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Employment Law case update: De Souza E Souza v Primark Stores Ltd

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Ms Alexandra De Souza, worked as a Retail Assistant in Primark’s Oxford Street store. She informed Primark that she was transgender when she applied for a role in 2016 and told her interviewer that although her passport contained her birth name, Alexander, she would prefer to be called Alexandra.

Ms De Souza was told her birth name would be required for her pay but she could use whichever name she wished for her name badge. However, Primark’s HR Department did not take into account Ms De Souza’s preferred name when logging her onto the IT system. This led to her birth name being printed on her name badge and on her daily allocation sheets which were circulated to supervisors on the shop floor.

A supervisor, who had previously been using Ms De Souza’s preferred name for a number of weeks, began calling her Alexander and would laugh when corrected. Further incidents of bullying and unfair treatment regarding Ms De Souza’s gender identity took place. Staff would make comments about Ms De Souza’s sexuality, some staff members sprayed men’s perfume over Ms De Souza, other staff members made inappropriate comments such as: “she’s got the devil inside her” and “she is a joke”.

Ms De Souza raised complaints over the way she was being treated by staff members. These complaints were not taken seriously and Ms De Souza was told to calm down and to stop drawing attention to herself. Primark failed to properly investigate Ms De Souza’s complaints and deal with them in an appropriate manner, in particular failing to inform her of the outcome of her grievance and of her right to appeal.

Ms De Souza brought claims of constructive unfair dismissal and direct discrimination on the grounds of gender reassignment in the Employment Tribunal (ET). The ET found in her favour and was critical of how the matter had been conducted by Primark. Ms De Souza was unable to return to work for a lengthy period of time, developed panic attacks and became insecure about her gender identity.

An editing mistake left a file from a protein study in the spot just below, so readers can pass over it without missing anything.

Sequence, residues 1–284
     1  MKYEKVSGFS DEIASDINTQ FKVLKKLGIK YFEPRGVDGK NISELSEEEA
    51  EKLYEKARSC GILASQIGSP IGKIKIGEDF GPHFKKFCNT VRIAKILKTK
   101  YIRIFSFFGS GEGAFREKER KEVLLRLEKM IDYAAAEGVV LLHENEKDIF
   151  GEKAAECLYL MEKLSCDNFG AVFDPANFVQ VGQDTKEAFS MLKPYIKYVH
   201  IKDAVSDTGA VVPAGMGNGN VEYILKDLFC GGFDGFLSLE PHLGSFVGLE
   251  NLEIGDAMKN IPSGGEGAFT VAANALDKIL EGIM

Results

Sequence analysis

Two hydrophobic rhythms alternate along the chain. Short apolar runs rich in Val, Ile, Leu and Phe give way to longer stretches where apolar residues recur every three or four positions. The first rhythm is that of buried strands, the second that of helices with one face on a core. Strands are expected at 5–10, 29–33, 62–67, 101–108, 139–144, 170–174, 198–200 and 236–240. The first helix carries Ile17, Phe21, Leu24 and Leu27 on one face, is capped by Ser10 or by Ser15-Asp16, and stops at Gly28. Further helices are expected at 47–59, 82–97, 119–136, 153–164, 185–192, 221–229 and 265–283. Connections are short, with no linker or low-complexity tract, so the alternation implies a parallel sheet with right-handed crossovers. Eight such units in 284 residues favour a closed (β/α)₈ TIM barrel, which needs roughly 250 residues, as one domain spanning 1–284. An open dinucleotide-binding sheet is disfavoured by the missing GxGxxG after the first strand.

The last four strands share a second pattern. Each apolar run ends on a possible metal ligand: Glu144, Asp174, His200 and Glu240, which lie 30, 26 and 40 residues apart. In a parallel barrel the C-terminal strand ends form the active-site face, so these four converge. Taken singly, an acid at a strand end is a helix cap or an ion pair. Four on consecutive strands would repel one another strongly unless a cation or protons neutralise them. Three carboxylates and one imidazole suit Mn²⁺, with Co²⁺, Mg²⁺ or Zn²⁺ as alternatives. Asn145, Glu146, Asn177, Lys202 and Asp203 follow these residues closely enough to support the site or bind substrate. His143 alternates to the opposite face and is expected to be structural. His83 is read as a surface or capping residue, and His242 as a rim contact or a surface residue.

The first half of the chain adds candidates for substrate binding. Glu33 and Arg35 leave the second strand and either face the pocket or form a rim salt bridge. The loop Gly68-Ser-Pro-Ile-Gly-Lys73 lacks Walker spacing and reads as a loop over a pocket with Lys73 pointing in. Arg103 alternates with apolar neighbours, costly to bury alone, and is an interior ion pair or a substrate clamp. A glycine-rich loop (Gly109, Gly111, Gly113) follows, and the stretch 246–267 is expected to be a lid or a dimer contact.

The ET found “the injury to the claimant’s feelings is very severe indeed, going to her very identity and ability to function in society” and that it was “shocking that the respondent could not devise a way of keeping the claimant’s legal name off the core allocation sheets and out of the knowledge of her supervisors”.

The ET recommended that by 31 March 2018 Primark should:

  • adopt a written policy on how to deal with new or existing staff who are transgender or who wish to undergo gender reassignment
  • include a reference to the existence of a policy of confidentiality in regard to transgender new starters in training materials for managers
  • amend the materials used for equality training of staff, management and HR to include, if not already there, references to transgender discrimination
  • ensure that transgender discrimination and harassment is referred to in all of its equality and harassment policies along with any other protected characteristics under the Equality Act 2010
  • add into the training materials for management of handling grievances.

This case highlights a number of important issues such as ensuring you have up-to-date policies to help maintain the confidentiality of sensitive employee data. Employers should also ensure staff are adequately trained to deal with grievance processes and that all complaints are dealt with in an appropriate manner.

This article is from our weekly Employment Law Newsletter published on 15/03/2018.  If you would like to receive this newsletter directly and be kept up to date with recent cases and Employment Law news, email events@warnergoodman.co.uk.

ENDS

This is for information purposes only and is no substitute for, and should not be interpreted as, legal advice.  All content was correct at the time of publishing and we cannot be held responsible for any changes that may invalidate this article.